What would be a study path for someone in the level of Hartshorne's Algebraic Geometry to understand and study inter-universal Teichmuller (IUT) theory? I know that it heavily relies on anabelian geometry and earlier works of Mochizuki, but what's the order to study those material? I think I had seen somewhere a complete list of papers to read from beginning to end in order to come to a level of understanding to tackle the original four papers about IUT theory, but I can't find it.

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    $\begingroup$ One of Mochizuki's progress reports has a list of what parts of which earlier papers you need to read to understand the IUT series. $\endgroup$
    – S. Carnahan
    Sep 2, 2015 at 0:21
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    $\begingroup$ So you're saying that what components from this list and more? kurims.kyoto-u.ac.jp/~motizuki/papers-english.html $\endgroup$
    – Suvrit
    Sep 2, 2015 at 1:29
  • $\begingroup$ @Suvrit Yes from those or from anywhere else. Simply, what I need to read before tackling IUT Theory. $\endgroup$
    – terett
    Sep 2, 2015 at 10:54

2 Answers 2


According to Mochizuki himself, the essential prerequisites for the IUTeich papers are:

While other sources also recommend:

Particularly interesting is Fesenko's recent extended remarks on IUT (and learning IUT):

There's also an introductory paper by Yuichiro Hoshi, but at least for the moment it is avaible in japanese only

As for the (considerable) gap between Hartshorne and Mochizuki's work, the references on each paper are quite concrete and helpful (see for example the ones on Topics in Absolute Anabelian Geometry I for a good sample).


I'll try to cover the "considerable gap" mentioned in Myshkin's answer, from algebraic geometry on the level of Hartshorne to Mochizuki's work. As a disclaimer, I'll mention that my understanding of Mochizuki's approach is very, very far from satisfactory; however, I believe that it's still possible to figure out some of the more basic prerequisites to Mochizuki's work (which at the moment I'm also still trying to learn about) without entirely understanding Mochizuki's work itself.

"0". Algebraic Number Theory - Aside from algebraic geometry, some basic ideas of modern algebraic number theory are certainly important, such as the local-global principle, and why we might want to develop analogues for p-adic fields of things we are already familiar with in the real and complex case.

Suggested references: Algebraic Number Theory by Jurgen Neukirch or Algebraic Number Theory by J. W. S. Cassels and A. Frohlich.

I. Elliptic Curves - Elliptic curves play a big part in Mochizuki's approach. The abc conjecture is equivalent, via the Frey curve, to the Szpiro conjecture, which concerns elliptic curves. Mochizuki's approach is often said to be (including by Mochizuki himself) analogous to proofs of the Szpiro conjecture for the function field case; first, in his earlier "Hodge-Arakelov Theory", he tries to follow the proof of Szpiro himself (see Minhyong Kim's answer to this question), and in his "Inter-Universal Teichmuller Theory", the proof of Bogomolov and Zhang (see Zhang's paper, and Mochizuki's discussion of the analogy).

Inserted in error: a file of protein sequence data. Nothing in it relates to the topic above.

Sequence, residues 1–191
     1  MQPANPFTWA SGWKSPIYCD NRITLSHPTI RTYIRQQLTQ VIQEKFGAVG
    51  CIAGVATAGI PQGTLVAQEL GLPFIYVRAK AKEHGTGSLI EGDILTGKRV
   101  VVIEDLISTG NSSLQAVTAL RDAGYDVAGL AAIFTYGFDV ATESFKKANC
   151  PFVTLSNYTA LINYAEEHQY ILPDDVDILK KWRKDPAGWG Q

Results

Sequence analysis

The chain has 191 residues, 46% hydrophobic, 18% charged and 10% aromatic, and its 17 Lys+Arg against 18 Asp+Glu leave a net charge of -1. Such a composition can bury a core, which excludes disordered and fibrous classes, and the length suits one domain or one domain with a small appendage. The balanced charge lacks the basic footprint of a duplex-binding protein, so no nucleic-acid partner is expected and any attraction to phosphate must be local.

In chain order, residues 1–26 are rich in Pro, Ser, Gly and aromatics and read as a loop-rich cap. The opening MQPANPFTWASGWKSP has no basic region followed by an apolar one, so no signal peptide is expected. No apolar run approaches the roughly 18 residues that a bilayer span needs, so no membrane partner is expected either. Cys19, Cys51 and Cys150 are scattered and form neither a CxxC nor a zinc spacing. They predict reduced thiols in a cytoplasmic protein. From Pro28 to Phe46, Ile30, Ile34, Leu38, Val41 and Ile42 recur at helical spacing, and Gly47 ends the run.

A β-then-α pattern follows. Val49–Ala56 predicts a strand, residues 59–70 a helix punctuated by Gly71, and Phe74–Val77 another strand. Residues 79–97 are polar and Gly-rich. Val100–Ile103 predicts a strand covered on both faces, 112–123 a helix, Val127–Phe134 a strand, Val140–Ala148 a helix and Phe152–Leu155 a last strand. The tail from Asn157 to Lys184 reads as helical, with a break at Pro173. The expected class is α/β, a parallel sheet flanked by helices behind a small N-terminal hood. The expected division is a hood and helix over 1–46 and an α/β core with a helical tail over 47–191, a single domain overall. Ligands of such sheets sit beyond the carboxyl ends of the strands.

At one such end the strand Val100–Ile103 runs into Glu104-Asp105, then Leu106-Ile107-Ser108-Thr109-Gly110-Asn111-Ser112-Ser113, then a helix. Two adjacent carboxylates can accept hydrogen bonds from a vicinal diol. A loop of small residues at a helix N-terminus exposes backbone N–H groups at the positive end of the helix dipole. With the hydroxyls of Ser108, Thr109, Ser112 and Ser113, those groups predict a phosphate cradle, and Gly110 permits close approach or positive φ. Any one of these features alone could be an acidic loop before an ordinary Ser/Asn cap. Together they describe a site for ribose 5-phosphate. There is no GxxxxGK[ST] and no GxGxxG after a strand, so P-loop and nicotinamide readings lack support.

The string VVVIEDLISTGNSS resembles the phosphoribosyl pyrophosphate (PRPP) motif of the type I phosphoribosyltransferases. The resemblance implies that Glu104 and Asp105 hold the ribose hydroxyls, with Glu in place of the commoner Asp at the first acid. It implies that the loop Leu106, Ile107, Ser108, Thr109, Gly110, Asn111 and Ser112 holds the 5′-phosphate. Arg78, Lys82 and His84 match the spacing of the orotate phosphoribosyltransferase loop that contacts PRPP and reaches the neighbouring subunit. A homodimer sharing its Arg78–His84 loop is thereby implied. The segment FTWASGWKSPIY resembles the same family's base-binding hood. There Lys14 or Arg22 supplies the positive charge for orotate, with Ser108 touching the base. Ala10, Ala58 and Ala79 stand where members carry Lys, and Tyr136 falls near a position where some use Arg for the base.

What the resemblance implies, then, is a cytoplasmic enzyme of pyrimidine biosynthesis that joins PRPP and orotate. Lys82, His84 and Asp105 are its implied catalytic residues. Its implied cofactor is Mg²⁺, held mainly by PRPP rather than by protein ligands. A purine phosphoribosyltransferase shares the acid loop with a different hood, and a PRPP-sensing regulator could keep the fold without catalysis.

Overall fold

In addition, the Tate parametrization of elliptic curves plays an important role in Mochizuki's Inter-Universal Teichmuller Theory. See, for example, Kiran Kedlaya's lecture at the 2015 conference on Inter-Universal Teichmuller Theory at Oxford.

Suggested References: The Arithmetic of Elliptic Curves and Advanced Topics in the Arithmetic of Elliptic Curves by Joseph Silverman

II. Anabelian Geometry - Anabelian geometry is the idea that we can "reconstruct" certain algebraic varieties (called anabelian varieties) from their etale fundamental groups. Before developing Inter-Universal Teichmuller Theory, Mochizuki became well-known for proving that hyperbolic curves (which include, for example, elliptic curves with one point removed, and the projective line with three points removed) are anabelian varieties. Ideas of "reconstruction" figure heavily into Mochizuki's approach; although in what way exactly, I have not yet been able to figure out.

Suggested References: The Grothendieck Conjecture on the Fundamental Groups of Algebraic Curves by Hiroaki Nakamura, Akio Tamagawa, and Shinichi Mochizuki

Additionally, I second the recommendation of Fesenko's notes mentioned in Myshkin's answer, as well as notes from this seminar on Kummer Classes and Anabelian Geometry at Vermont.


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